Acidulate means to add acid in small amounts.
In cooking, the acid can be a vinegar, a citrus juice or even wine. It will always be an acid that is food safe, and have levels of acidity that are low enough to be safe for people to touch and consume.
Normally, the acid used will be a clear one or in any event one that will not "dye" the food a darker colour. For instance, in the case of wine, white wine is usually used instead of red, and in the case of vinegar, a white vinegar is usually used instead of red wine or balsamic vinegar. A typical citrus juice used is lemon or lime for the same reason, as those juices don't colour food the same way that orange juice would.
The noun is "acidulation"; the adjective describing something to which acid has been added is "acidulated." An additive to achieve this is called an "acidulant."
"Acidify / acidified" are words that are very close in meaning, but they imply a much greater dose of acidification taking place.
Reasons for acidulationThere are at least 3 different reasons why you might "acidulate" something in cooking:
1. Acidulation for the appearance of foodThe goal may be to end up with "Acidulated Water" that will stop sliced or cut food from browning. Changing the taste is not a goal. This requires the least amount of acid;
2. Acidulation for the flavour of foodThe goal may be to give the food item a bit of a tart or sour taste, which can sometimes make things taste lighter and fresher, as lemon juice does. This requires more acid to be used than for just appearance;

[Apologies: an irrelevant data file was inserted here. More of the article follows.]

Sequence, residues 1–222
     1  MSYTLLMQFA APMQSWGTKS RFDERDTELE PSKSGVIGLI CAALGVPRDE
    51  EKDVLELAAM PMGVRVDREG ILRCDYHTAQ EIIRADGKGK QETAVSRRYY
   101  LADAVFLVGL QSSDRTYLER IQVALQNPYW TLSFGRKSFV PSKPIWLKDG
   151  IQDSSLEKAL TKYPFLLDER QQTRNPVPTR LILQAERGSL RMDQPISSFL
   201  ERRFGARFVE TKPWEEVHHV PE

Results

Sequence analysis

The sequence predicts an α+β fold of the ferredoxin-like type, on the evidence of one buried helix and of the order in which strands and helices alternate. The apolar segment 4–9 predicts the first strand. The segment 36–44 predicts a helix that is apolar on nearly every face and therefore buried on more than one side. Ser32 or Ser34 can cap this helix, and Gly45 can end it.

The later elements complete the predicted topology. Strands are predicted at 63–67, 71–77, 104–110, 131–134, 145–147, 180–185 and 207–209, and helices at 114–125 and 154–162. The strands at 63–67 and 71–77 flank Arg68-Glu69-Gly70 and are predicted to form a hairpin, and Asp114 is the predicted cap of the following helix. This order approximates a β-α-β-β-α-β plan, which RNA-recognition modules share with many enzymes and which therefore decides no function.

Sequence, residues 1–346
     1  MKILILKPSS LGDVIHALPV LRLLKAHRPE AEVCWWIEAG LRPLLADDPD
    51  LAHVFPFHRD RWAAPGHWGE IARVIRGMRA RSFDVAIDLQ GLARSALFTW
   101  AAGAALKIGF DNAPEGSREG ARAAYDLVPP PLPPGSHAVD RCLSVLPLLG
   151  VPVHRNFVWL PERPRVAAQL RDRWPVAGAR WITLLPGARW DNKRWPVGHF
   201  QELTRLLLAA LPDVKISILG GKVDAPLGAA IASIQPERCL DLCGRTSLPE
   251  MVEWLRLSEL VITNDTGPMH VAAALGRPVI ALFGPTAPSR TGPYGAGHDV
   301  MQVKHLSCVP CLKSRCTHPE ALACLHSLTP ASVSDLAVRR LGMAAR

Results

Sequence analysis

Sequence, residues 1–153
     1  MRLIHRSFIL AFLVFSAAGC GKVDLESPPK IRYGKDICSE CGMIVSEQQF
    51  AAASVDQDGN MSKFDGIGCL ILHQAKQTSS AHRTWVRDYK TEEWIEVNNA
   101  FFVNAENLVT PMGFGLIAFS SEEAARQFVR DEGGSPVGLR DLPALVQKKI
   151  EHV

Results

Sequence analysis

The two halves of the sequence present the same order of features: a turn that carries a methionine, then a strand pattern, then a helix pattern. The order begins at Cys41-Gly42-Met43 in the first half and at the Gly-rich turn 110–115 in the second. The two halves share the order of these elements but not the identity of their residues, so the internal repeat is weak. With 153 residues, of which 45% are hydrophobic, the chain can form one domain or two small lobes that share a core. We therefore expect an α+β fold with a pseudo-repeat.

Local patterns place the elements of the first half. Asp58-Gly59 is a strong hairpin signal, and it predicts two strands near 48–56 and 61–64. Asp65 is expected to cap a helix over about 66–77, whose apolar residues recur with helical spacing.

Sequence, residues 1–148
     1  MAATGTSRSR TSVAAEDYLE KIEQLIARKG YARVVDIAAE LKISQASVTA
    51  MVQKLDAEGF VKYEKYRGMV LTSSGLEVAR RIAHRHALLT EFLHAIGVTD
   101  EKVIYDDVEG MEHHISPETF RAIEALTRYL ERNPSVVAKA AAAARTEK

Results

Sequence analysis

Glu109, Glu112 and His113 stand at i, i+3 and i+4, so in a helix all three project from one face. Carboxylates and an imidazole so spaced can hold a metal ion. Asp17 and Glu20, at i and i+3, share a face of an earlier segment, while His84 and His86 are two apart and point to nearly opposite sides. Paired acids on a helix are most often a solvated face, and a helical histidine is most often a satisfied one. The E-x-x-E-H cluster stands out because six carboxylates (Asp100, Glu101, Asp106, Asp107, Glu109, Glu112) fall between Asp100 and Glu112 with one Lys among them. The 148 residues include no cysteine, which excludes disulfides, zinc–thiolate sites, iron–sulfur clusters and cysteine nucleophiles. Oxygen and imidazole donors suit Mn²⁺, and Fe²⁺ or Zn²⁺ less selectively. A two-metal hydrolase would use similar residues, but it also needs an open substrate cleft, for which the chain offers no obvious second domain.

2. Acidulation for food safetySometimes people use the term when talking about preserving, to mean that they boosted up the acid content (such as tomatoes) so that it could be safely canned.
This reason for acidulating requires the most acid, and, acid of guaranteed levels.
This is almost always achieved with vinegar, and most typically in North America, with distilled white vinegar. Safe preserving guides will almost always require a vinegar of 5% acetic acid or higher.
When flavour is a consideration (for instance, vinegar could adversely affect the taste of tomato products), another acidulant such as powdered citric acid or bottled lemon juice (bottled, for certified acidity levels) may also be specified.
Follow the safety advice given in your current, modern preserving guide from a reputable home canning source such as the USDA, a university extension service, or a Jarden-owned home canning company such as Ball, Bernardin or Kerr.
Cooking TechniquesÀ la Cooking Terms List; Acetomel; Acidulated Water; Acidulate; Adjust Seasoning; Adjusting the Taste of Dishes; Affriander; Alambre; Bake Blind; Bake; Ballotine; Barbeque; Battuto; Baveuse; Beat; Beer Can Chicken Roasting; Bench Proof; Beurre Manié; Blanch; Braising; Brine; Brining Beans; Broasting; Broil; Carving a Turkey; Chopping Techniques; Coddle; Cooking Techniques; Curing; Dredging; Egg Wash; Emulsify; Firm-Ball Stage; Fold; French Trimmed; Frissonne; Fry; Galantine; Garnishes; Grill; Hard-Ball Stage; Hard-Crack Stage; High Altitude Baking; Knead; Liaison; London Broil; Mise en Place; Mitonner; Mochitsuki; Open-Faced; Paillards; Pan Broil; Parblanch; Parboil; Pâton; Persillade; Pickled; Pickling; Pittsburgh Rare; Poaching; Preheat; Preserving Eggs; Proof; Pulse; Punch Down; Quadriller; Quick Jar Sterilization; Raidir; Reconstitute; Reducing; Rehydrate; Rest; Ribbon Stage; Roasted Garlic; Roasted Peppers; Rolling Boil; Scalding Milk; Scald; Scallop; Separating Eggs; Skimming; Smoking; Soaking Beans; Soffritto; Soft-Ball Stage; Soft-Crack Stage; Sous Vide; Souse; Spatchcock; Spitchcock; Steamed Puddings; Stir; Temper; Tezu; Thread Stage; Unmould; Usu-Zukuri; Warm; Wash; Water Bath; Whip; Wok Hay
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Acidificar, Acidular (Spanish)